# Categories a computer scientist should know about

I am a computer scientist with a CS degree from the 80's. I am learning category theory by myself. I am looking for advice about learning category theory. E.g. it is quite helpful in learning category theory to have examples from a familiar topic like logic or programming languages.

### What I know

I have read the answers to this question and the paper Physics, Topology, Logic and Computation: A Rosetta Stone which builds up concepts with parallels between category theory, logic, and theory of computation.

I know about the following categories:

• categories
• monoidal categories
• braided monoidal categories
• closed monoidal categories
• symmetric monoidal categories
• closed braided monoidal categories
• compact monoidal categories
• cartesian categories
• closed symmetric monoidal categories
• compact braided monoidal categories
• cartesian closed categories
• compact symmetric monoidal categories

### Questions

1. Are there any other major categories that a computer scientist should know about?

2. Were there any that have fallen out of favor? If yes, why? Have they been replaced with other categories?

3. When thinking about categories should I focus on the arrows first before the objects?

• For what purrpose are you learning category theory? Is it for logic and semantics, or something else? – David Boshton Jul 1 '14 at 15:25
• Obviously a good question to my open ended question. I presently tinker with theorem provers of the HOL variety and functional programming, so logic, languages, BDD, term rewriting, lambda calculus and unification are everyday concepts for me. I am also trying to learn more about SMT solvers. – Guy Coder Jul 1 '14 at 15:33
• You could try something completely different to get some feel for the other 90% of category theory. For instance, you could have a look at the basic setup of algebraic topology. That would give you some perspective. – Andrej Bauer Jul 2 '14 at 15:30
• I dunno. There are CS students our there who learnt algebraic topology from a computational point of view in one semester. Look up things like "persistent homology". – Andrej Bauer Jul 2 '14 at 15:44
• @Kaveh I don't think there's any such thing as a "category that all computer scientists should know about". I don't think any of my current work (algorithms and complexity) or previous work (finite model theory) required or would even have benefited from any knowledge of category theory. I can't even think of a conference talk I've seen in those areas that has used category theory. – David Richerby Jul 9 '14 at 6:44

Note that most of the categories you considered are 'abstract', i.e., they require structure or properties of an abstract category. As computer scientists we should also be familiar several concrete categories which turn out to be useful:

## Concrete categories

• Set
• Set$_{\mathcal P}$ (objects are sets, morphisms are relations)
• Rel (objects are relations, morphisms are functions preserving these relations)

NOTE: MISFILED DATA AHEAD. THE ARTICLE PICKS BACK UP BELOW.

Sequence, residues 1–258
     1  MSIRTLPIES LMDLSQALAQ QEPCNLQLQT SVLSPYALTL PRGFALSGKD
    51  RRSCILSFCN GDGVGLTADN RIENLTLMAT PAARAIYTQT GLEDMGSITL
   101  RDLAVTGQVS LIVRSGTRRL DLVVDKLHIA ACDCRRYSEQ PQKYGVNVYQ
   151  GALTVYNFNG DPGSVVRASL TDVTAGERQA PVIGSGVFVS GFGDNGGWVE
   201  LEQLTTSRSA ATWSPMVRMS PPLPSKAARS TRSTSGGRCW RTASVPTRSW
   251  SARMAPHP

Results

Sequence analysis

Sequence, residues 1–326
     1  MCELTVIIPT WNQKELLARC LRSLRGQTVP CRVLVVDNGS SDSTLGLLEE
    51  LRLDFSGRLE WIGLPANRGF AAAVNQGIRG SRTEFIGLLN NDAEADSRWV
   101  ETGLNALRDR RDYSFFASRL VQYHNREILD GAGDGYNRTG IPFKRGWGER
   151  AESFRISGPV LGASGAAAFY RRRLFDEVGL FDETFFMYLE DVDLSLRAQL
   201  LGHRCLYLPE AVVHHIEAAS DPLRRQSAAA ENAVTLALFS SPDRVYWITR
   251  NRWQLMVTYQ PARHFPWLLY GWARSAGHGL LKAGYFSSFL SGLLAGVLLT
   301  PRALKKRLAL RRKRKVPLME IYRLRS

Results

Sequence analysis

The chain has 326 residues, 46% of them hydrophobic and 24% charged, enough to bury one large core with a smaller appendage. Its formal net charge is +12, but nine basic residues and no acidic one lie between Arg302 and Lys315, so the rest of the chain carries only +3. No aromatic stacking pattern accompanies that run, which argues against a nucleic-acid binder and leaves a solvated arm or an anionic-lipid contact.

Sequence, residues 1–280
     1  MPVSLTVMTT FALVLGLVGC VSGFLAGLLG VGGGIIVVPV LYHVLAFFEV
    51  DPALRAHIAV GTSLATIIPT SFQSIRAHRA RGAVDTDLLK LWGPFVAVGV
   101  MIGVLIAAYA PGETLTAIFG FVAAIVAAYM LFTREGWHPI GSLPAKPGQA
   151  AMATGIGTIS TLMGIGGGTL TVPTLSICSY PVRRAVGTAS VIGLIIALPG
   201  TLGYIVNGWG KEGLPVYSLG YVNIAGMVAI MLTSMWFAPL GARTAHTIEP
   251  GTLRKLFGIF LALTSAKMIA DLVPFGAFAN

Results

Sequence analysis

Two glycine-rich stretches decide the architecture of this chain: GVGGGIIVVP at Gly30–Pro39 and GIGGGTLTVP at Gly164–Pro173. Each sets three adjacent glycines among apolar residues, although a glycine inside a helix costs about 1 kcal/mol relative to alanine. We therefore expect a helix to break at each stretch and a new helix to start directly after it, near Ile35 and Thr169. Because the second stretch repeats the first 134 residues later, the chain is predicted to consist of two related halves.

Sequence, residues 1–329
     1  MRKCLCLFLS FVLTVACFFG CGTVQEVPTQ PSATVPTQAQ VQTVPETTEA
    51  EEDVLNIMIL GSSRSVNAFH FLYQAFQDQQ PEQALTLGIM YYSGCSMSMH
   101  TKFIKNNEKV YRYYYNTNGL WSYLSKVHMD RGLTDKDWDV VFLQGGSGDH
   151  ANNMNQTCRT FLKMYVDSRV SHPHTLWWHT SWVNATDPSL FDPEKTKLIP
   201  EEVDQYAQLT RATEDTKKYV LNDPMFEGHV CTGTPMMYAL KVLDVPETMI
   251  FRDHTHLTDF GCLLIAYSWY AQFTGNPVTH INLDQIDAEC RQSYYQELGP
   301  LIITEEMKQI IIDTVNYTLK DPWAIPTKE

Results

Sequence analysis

• Pred (objects are predicates (= subsets) morphisms are functions preserving these relations.
• Posets
• $\omega$-CPOs
• Nominal sets
• Lawvere theories

## Abstract categories

• Functor categories
• Presheaf categories, in particular, monoid actions, which are equivalent to finite automata iianm
• Locally presentable categories
• Enriched categories (in particular, O-categories)
• Kleisli and Eilenberg-Moore categories
• Embedding-projection categories
• Profunctors

Also, sometimes properties don't commute on the nose, and the structure under consideration is of higher-dimensional (i.e., 2-categorical).

As to your question 3: you can define a category without mentioning objects at all (though it's conceptually clearer if we do mention the objects).

If $F$ is an endofunctor in a category $C$, then the category of $F$-algebras is pretty important in the study of datatypes. In particular, initial objects in this category correspond closely to finite datastructures. See this page on Wikipedia for more details, including examples of how the types of natural numbers, cons-lists and binary trees arise in this way.

Also, a monad is just a monoid in the category of endofunctors :-) Highly tongue-in-cheek, but the category of endofunctors is important nevertheless, if you want a better theoretical understanding of (Haskell's) monads.

This is not a complete answer (as I'd be surprised if any answer will complete given the disparate nature of your research), but when I was going to do a PhD in re-representation of mathematical issues one of the constructs that was suggested was Sober Spaces. They underlie schemes, which connect algebraic topology, number theory and commutative algebra. This may help with the theorem prover side of things.

• Thanks. Yes trying to identify how to get unstuck in self-learning CT is hard as I don't know enough CT to explain my problem. One "ahh" moment came when watching this video by Mike Stay. Also working through Category Theory for Computing Science and doing the exercises is most beneficial. – Guy Coder Jul 8 '14 at 11:04
• Is it really right to say that sober spaces "underlie" schemes? Most introductions to schemes and books that talk about schemes that I've seen don't even mention sober spaces (or perhaps they do, but only in passing). I would think it's more that sober spaces generalize schemes, but I'm not so familiar with this part of topology... – Joshua Grochow Jul 8 '14 at 12:41